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De Patre Vostro (About Your Father)

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De Patre Vostro (About Your Father)
Aboutfatherpro
Season Two
Number 22
Date Aired March 25, 2007
Writer Bruno Heller
Director John Maybury
Previous Deus Impeditio Esuritori Nullus
(No God Can Stop a Hungry Man
Next N/A
Time frame September 31 BC to August 13–15, 29 BC

Defeated militarily by Octavian, Marc Antony returns to Egypt, where he and Cleopatra settle into a world of debauchery. Octavian tries to use Pullo as leverage to Vorenus to gain access to the palace, but Vorenus stays loyal to Antony. Finally, it is Cleopatra who dupes Antony,saving her own life by sacrificing her honor. Ceasar Octavian triumphs in Rome.

SynopsisEdit

After losing the Battle of Actium, a vanquished Mark Antony barricades himself with Cleopatra in their palace in Alexandria. The palace becomes a place of never-ending orgies as Mark Antony and Cleopatra drug and drink themselves into a stupor. Octavian sends an emissary to Mark Antony, with a secret message to Lucius Vorenus, offering him amnesty if he will betray Antony and open the palace gates in an attempt to avoid a direct assault on the palace which might lead to a popular uprising. It is made clear that Titus Pullo is aware that Caesarion is his son and that Vorenus also knows this. Mark Antony refuses Octavian's offer of unconditional surrender and challenges Octavian to single combat. Vorenus also refuses to betray Mark Antony. Practice with Vorenus and then with an emasculated courtier shows how much Mark Antony's physical condition has deteriorated alongside his mental condition.

Octavian refuses the challenge as barbaric and secretly sends word to Cleopatra offering her the chance to keep the crown of Egypt and save the lives of her children if she gives up Mark Antony. She tricks Mark Antony into believing that she has committed suicide. Vorenus assists in Antony's suicide at his request. Vorenus, shocked to find Cleopatra still alive, tells her that Octavian will keep Mark Antony's children alive as a popular gesture of mercy but will almost certainly kill Caesarion as a potential rival to the rule of Rome; he also reveals his plans to escape with Caesarion in an attempt to keep him alive. It is made clear that Cleopatra knows that Caesarion is actually Titus Pullo's son.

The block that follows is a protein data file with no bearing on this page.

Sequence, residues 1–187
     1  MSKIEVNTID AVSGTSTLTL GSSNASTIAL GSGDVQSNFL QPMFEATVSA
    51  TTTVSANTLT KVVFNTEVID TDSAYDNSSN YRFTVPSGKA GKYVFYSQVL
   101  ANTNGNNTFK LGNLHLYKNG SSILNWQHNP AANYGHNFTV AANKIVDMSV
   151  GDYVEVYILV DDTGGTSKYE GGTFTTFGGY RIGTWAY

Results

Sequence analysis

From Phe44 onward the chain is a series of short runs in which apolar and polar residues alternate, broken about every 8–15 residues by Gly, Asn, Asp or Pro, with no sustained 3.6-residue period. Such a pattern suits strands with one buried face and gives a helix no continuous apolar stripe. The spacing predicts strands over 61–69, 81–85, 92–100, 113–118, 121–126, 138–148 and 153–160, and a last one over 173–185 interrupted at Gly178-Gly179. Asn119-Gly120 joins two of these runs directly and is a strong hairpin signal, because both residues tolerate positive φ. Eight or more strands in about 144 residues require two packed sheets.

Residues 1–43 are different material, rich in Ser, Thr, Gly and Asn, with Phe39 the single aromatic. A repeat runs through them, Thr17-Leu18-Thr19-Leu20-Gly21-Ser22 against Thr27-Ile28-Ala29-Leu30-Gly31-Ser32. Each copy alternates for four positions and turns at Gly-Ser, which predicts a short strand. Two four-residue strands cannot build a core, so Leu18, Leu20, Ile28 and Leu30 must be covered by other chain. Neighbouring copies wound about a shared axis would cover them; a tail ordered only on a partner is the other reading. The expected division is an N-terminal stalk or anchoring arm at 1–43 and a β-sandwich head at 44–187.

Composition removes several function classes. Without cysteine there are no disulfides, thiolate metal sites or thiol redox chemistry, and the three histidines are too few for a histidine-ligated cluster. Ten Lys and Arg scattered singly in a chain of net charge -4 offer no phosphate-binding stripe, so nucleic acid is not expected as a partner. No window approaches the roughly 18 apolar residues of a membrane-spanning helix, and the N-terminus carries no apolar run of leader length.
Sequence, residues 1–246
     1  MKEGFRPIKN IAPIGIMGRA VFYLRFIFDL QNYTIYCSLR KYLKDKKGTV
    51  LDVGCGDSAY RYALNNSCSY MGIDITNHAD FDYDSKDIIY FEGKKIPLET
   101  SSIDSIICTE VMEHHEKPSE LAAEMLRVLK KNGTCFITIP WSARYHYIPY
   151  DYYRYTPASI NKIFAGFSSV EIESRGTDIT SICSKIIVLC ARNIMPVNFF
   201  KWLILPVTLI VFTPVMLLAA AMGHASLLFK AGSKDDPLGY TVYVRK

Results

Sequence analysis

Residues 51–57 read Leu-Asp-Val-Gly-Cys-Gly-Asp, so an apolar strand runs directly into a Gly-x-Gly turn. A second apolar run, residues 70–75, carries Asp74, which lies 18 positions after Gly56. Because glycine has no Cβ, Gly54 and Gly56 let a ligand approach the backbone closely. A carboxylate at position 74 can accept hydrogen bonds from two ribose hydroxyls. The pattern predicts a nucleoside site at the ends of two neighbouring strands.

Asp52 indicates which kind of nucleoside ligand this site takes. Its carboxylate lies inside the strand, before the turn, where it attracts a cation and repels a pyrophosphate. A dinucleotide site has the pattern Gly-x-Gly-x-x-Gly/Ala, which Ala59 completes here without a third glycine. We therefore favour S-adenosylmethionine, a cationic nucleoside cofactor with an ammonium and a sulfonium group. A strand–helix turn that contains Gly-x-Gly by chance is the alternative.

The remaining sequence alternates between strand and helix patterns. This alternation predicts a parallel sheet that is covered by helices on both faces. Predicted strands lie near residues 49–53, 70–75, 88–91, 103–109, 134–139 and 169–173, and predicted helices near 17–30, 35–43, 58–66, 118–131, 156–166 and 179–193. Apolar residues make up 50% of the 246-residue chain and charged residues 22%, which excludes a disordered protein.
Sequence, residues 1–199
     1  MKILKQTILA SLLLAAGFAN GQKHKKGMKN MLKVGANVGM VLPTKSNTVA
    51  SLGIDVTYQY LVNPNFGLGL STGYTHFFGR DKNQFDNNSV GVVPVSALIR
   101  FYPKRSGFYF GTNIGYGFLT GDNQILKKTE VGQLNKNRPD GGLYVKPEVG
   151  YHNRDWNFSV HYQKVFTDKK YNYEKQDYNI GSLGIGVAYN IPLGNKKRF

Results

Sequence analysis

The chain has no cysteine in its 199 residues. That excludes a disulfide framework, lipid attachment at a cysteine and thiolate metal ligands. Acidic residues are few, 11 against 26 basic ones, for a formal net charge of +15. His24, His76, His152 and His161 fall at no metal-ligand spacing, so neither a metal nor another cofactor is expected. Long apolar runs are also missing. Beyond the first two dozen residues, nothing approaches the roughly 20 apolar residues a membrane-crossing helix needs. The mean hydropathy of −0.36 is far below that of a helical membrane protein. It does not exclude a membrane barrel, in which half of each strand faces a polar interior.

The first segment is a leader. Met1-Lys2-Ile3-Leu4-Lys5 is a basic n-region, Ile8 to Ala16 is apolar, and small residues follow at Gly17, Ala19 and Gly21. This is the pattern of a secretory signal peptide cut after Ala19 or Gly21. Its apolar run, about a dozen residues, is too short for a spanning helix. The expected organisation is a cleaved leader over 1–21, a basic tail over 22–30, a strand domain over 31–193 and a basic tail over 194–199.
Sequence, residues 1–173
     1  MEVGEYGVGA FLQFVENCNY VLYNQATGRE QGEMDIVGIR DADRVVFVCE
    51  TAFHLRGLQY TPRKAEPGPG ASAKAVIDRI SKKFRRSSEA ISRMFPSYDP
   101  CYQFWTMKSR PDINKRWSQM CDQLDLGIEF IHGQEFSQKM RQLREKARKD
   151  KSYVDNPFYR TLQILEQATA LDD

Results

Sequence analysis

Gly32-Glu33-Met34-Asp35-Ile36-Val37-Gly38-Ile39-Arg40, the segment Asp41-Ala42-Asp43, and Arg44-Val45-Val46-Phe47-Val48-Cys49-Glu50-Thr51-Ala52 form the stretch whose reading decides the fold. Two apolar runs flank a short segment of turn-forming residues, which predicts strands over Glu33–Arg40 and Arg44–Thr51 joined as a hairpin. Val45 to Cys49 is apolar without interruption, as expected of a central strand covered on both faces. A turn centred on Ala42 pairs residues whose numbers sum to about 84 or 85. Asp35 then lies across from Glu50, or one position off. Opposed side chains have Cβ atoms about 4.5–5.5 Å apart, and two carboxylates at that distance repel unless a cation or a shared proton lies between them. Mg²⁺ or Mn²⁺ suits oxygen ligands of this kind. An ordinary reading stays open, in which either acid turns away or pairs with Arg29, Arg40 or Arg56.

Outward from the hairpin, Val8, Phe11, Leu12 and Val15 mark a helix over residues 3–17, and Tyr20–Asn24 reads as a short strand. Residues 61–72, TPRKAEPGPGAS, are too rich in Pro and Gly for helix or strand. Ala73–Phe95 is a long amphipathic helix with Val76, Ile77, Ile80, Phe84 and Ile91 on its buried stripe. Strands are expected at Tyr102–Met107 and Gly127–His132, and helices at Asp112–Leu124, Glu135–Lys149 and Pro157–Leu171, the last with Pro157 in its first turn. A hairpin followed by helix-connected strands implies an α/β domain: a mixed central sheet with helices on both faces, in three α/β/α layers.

Upon meeting Octavian and failing to seduce him as she had Mark Antony, Cleopatra realizes that he wishes to take her kingdom and parade her, alive but in chains, in Rome at his triumph. She commits suicide by clasping an asp to her breast, and as Octavian's soldiers storm her throne room, she dies, telling Octavian with her final breaths, "You have a rotten soul".

Vorenus has meanwhile escaped the palace with Caesarion and Titus Pullo is charged by Octavian with finding and killing Caesarion. Vorenus and Pullo meet near where they had previously saved Cleopatra's life in the first season and they discuss plans to escape Egypt. Their escape is thwarted at a Roman roadblock when Caesarion speaks in the manner of the Egyptian court. Although they manage to fight their way out, Vorenus is seriously (perhaps mortally) wounded. He demands that Titus Pullo take him to Rome to die.

In Rome, Octavian arrives at his mother's house, bringing with him Cleopatra and Mark Antony's twin children, Cleopatra Selene and Alexander Helios who he asks Octavia to take under her care. Atia takes the news of Antony's death with satisfaction, but takes little pleasure in her son's success in at last gaining supreme power; Octavia is disturbed by Atia's mood.

After a month-long journey, a badly injured Vorenus and Pullo return to Rome for an emotional reunion at the Collegium. On his sickbed, Vorenus is reconciled with his grieving children. Series creator Bruno Heller later revealed that Vorenus did not die after this scene.

At the same time, Octavian's triumph is taking place. As Livia and Octavia are about to enter a podium in the Forum, late arrival Atia takes the lead, calling Livia a "vicious little trollop," and says, "You're swearing now that some day you will destroy me, but remember that far better women than you have sworn to do the same. Go look for them now." Atia's look, however, is ambiguous as she watches a triumphal float pass by with the masked bodies of Mark Anthony and Cleopatra, her lost love and his seducer, as glances are exchanged between Agrippa and Octavia.

A month later, Pullo pays Octavian a visit, lying to him about the fate of Caesarion and is rewarded. He also tells him that Vorenus didn't survive his injuries without giving details on how they were inflicted. Leaving Octavian's palace, he meets Caesarion who begins swearing revenge in his wish to claim his rightful throne as Caesar's heir, "redeeming my father's name!"

The series ends with the pair disappearing into a crowded Roman street as Titus Pullo puts his arm around Caesarion and says "Listen, about your father..."

TriviaEdit

  • Akin to Caesar's death in the previous season, Mark Antony is depicted as covering his face when he is grieving over the "death" of Cleopatra.
  • Since the real Atia had died in 43 B.C., her presence at the triumph of Octavian is fictional.
  • Antony really did challenge Octavian to single combat.
  • Bruno Heller has referred to Antony's fight against the Eunuch as a "Joe Pesci moment".
  • Antony calls Octavian's messenger "young Hermes". Hermes was the Greek equivalent of Mercury, the messenger god.